corporation. Giving it the full effect it can claim, it did only ter" minate its right to dQ new business as a corporation. The laws of New Jersey (Sess. Laws 1896, p. 295) contain this provision:
"Sec. 53. All corporations, whether they expire by their own limitation or be annulled by the legislature or otherwise dissolved, shall be continued bodies corporate for the purpose of prosecuting and defending suits by or against them, and of enabling them to settle and close their afl'airs, to dispose of and convey their property and to divide their capital, but not for tlJe purpose of continuing the business for which they were established."
So this corporation continues as a. body corporate for the purpose of prosecuting and defending suits. Jf it can bring and defend suits, it can issue executions, and have them issued against it, with the legal results of both. As to the question which has been discussed involving the forfeiture of this charter and the construction of the law of New Jersey no opinion is expressed. The bill is dismissed, with COSitS.
BLACK v. CALDWELL, Sheriff, et aI. (CirCUit Court, D. Montana.
November 1, 1897.)
FOREIGN CORPORATIONS-AuTHORITY TO DO BUSINESS-FILING PAPERS IN EACH COUN'l'Y.
Compo St. Mont. div. 5, C. 24, requiring foreign corporations, before trans'acting any business in the state, to file a duly-authenticated copy of certain documents in the office of the secretary of state, "and in the office of the recorder of the county where they intend to carryon or transact business," does not require a foreign corporation to file such copy in every county where it transacts business, but only in the county where it has its principal office. A decree, by a court having jurisdiction, foreclosing a mortgage, in an action by an assignee thereof, is a finality as to the validity of the mortgage and the assignment, concluding parties and all in privity with them. Where a foreign corporation which has not complied with the law, so as to be authorized to do business in the state, holds a mortgage which it has a right to foreclose within the state, a denial of its right to become a purchaser at the foreclosure sale is a deni,al of the equal protection of the law in violation of the fourteenth amendment.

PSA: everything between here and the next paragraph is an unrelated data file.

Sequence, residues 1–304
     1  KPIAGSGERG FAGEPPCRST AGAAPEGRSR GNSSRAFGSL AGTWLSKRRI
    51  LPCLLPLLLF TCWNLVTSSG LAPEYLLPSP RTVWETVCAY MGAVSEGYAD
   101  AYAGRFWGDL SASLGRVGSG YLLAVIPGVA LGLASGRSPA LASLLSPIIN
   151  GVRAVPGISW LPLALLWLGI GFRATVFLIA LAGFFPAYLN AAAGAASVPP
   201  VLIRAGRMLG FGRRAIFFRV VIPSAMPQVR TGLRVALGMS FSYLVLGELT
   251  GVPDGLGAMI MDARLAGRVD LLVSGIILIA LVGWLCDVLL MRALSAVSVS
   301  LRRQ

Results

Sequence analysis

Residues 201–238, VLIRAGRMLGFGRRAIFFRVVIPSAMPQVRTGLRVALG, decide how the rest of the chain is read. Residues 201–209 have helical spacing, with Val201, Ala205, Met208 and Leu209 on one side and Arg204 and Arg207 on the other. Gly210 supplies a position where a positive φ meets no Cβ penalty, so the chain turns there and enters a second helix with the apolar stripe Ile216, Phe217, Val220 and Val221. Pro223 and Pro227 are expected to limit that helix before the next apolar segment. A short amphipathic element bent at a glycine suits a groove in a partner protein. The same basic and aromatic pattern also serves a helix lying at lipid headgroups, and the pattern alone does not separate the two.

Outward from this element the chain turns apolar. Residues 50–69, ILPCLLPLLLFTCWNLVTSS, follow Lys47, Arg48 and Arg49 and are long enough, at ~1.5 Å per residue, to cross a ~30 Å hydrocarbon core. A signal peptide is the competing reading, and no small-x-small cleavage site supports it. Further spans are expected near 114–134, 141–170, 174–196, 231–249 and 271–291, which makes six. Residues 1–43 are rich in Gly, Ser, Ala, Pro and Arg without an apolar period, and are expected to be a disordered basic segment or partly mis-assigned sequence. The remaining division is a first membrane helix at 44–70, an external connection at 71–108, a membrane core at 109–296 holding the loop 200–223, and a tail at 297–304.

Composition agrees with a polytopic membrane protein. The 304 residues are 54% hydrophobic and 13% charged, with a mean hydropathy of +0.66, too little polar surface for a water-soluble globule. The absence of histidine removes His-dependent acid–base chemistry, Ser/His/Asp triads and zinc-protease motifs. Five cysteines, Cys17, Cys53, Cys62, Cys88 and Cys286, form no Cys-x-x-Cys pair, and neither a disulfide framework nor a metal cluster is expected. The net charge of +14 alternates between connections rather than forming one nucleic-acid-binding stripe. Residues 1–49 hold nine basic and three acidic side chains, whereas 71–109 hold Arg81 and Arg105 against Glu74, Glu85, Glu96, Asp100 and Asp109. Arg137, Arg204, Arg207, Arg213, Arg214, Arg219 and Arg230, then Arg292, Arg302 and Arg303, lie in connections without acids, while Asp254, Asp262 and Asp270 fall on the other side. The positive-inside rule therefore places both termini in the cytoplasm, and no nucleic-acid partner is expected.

2. FORECLOSURE OF MORTGAGE-MATTERS ADJUDICATED.
FOREIGN CORPORATION-RIGHT TO PURCHASE AT FORECLOSUHE SALE-EQUAL PROTECTION OF LAW8.
Luce & Luce, for plaintiff. I. Parker Veazey, for defendants. KNOWLES, District Judge. In the bill in this cause it Is alleged that the Northwestern Guarantee Loan Company is a foreign corporation, organized under the laws of Minnesota; that on the 25th day of March, 1890, said company entered into a contract with Horace T. Kelly and Martha 1. Kelly, his wife, whereby the two last-named persons made and executed a mortgage to said company upon certain lands in Gallatin county, Mont., to secure the sum of $3,550, with interest at the rate of 10 per cent. per annum; and that this ..wntract was entered into in said Gallatin county. It is also set forth in the bill that previous to the time of entering into said con-